The disaster in Japan has exposed a problem with how multinational companies do business: The system they use to keep supplies rolling in is lean and cost-effective -- yet vulnerable to sudden shocks.
Factories, ports, roads, railways and airports in northern Japan have been shut down or damaged because of the stricken nuclear plant in the region. So auto and technology companies are cut off from suppliers in the disaster zone. Some have had to stop or slow production.
"When you're running incredibly lean, and you're going global, you become very vulnerable to supply disruptions," says Stanley Fawcett, a professor of global supply chain management at Brigham Young University.
The risks are higher because so many companies keep their inventories low to save money. They can't sustain production for long without new supplies.
Subaru of America has suspended overtime at its only North American plant, in Lafayette, Ind. Toyota Motor Corp. has canceled overtime and Saturday production at its 10 North American plants. The two companies are trying to conserve their existing supplies.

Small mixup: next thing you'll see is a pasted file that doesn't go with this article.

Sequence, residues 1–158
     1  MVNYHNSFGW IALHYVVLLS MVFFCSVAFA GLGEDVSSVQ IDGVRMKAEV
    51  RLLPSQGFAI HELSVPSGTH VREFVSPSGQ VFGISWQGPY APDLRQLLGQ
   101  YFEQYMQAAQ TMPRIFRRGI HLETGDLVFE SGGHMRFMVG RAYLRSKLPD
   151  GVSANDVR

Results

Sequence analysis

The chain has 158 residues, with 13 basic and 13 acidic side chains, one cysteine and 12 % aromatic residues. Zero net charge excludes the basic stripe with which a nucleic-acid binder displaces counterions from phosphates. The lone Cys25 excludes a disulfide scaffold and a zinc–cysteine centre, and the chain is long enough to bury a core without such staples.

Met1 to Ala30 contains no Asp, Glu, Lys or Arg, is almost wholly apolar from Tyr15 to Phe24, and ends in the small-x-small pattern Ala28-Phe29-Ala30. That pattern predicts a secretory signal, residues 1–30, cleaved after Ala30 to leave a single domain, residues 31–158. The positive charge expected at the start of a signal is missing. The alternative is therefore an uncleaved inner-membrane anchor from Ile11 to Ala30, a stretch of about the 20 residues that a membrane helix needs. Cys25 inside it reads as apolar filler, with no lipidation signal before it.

Among the auto plants damaged by the quake was one in Miyagi prefecture that supplies parts for hybrid batteries in Toyota Prius, Camry and Lexus hybrids. It's unclear when the plant, a joint venture of Toyota and Panasonic, will start running again.
Even companies whose Japanese suppliers escaped damage have scrambled to ensure supply lines remain intact. Ford, for example, relies on a Japanese plant for hybrid batteries for its Fusion, Escape and MKZ hybrid vehicles. That plant wasn't damaged in the quake. But Ford isn't taking any chances because of the transportation troubles in Japan. It's looking for alternate supplies and is looking into airlifting parts if shipping shuts down.
The disaster is also threatening the supply of Japanese-made chips for consumer electronics, from washing machines to TVs to iPads. Factory shutdowns and crippled shipping routes pose a risk to companies that depend on chips for storing data. Japanese semiconductor giants Toshiba Corp. and Renesas Electronics Corp. have temporarily closed facilities because of the quake.
The electronics companies that depend on chips from Japan are trying to assess the depth of the supply disruptions. Chip prices have already jumped on fear of shortages.
For consumer electronics, supply chains are complex. Some cell phones have dozens of chips. Apple Inc.'s iPad requires parts from around the world. The insides of the device show how much coordination Apple must have with suppliers around the world to ensure there are enough parts.